Siddhant Chaturvedi, who played MC Sher, is perhaps the biggest revelation to come out of Gully Boy. His presence compelled even the big A list Bollywood actors to take notice. When he raps, he spits fire, shutting down his rivals with poise and authority.
Piecing the Story Together
In an interview with Film Companion on YouTube, Zoya mentions that her appreciation towards rap songs wasn’t the only aspiration behind the movie, it was the fact that she discovered a hoard of young Indian talented rappers from her editor that she chose to take the leap with Murad and Gully Boy. Along with her music supervisor Ankur Tewari, she managed to yield in 18 tracks with 54 collaborators. “I only wanted to work with independent artists so I was already in touch with Naezy, I was already in touch with Divine and I was already in touch with some of the top of the pops in the world,” Zoya said, explaining how she worked in tandem with Tewari to create a truly unique audiovisual experience.
The filming technique definitely gives off the Zoya Akhtar scent but the colour schemes used to visually represent the slums of Bombay give the movie the earthy flavor. Zoya mentioned how the team had gotten the local people to act as the people in the background. The two songs ‘Doori’ and ‘Meri Gully Mein’ had been shot by breaking the fourth wall where Ranveer stared directly into the camera. The shifts of the settings are also looked at from the perspective of Murad so when he does visit the luxurious places, we only get to see what he sees.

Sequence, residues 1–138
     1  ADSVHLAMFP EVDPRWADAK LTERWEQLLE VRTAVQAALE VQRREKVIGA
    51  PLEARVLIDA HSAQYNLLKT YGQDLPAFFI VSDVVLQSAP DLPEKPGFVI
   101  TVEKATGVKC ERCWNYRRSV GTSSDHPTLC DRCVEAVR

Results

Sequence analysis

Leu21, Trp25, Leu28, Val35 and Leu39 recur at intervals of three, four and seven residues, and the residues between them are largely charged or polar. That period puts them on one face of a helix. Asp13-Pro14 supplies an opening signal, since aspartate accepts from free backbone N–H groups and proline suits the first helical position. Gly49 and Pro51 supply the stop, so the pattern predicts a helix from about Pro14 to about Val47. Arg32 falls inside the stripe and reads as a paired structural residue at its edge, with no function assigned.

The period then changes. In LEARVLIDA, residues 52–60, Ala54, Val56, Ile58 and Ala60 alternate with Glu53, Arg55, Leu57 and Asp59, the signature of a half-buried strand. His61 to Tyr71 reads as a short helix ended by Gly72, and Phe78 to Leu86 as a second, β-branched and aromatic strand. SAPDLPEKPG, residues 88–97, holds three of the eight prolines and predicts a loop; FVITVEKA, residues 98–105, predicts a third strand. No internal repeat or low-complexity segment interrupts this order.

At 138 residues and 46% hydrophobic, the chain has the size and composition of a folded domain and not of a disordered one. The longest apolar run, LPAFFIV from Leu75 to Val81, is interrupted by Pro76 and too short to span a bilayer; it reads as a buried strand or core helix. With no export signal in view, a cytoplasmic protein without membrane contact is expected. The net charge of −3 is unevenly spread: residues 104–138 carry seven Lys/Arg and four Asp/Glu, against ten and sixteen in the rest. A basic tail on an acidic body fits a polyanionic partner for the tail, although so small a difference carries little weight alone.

You can tell that Zoya is a director that also focuses on the details, from the scene with Murad’s first interaction with Safeena on the bus to Murad finally having a peaceful dinner with his mother and brother at his new place away from his father, speak volumes.
Truth be told I fell in love with some of the tracks even before the movie was out. I believed I would be impressed with the movie but I didn’t think I’d end up considering it as one of the better Bollywood movies out there. Of course, it borrows liberally from the likes of 8 Mile and, in a sense, The Rocky franchise, telling the story of a local underdog who slowly rises to national fame. But it’s a story told well, with enough differences and panache to make the familiar beats feel fresh and enticing.
Gully Boy ends without a definitive say on whether or not Murad makes it as a bonafide rapper. For the joy was in his journey, and Akhtar trusts her audience enough to end the story in median res, much like the way she had begun it.
Like Zindagi Na Milegi Dobara, Gully Boy also ends on a life-affirming note, making the case that your life is your own, as are your dreams.
If you are feeling wistful for Gully Boy’s world, then don’t be afraid to take another stroll down the memory lane. It’s a film that’s definitely worth rewatches, especially if the choice is this and your typical Salman Khan blockbuster. Gully Boy may not have flashy action and a huge budget, but it’s got heart. And sometimes, that’s all you can ask for from a film.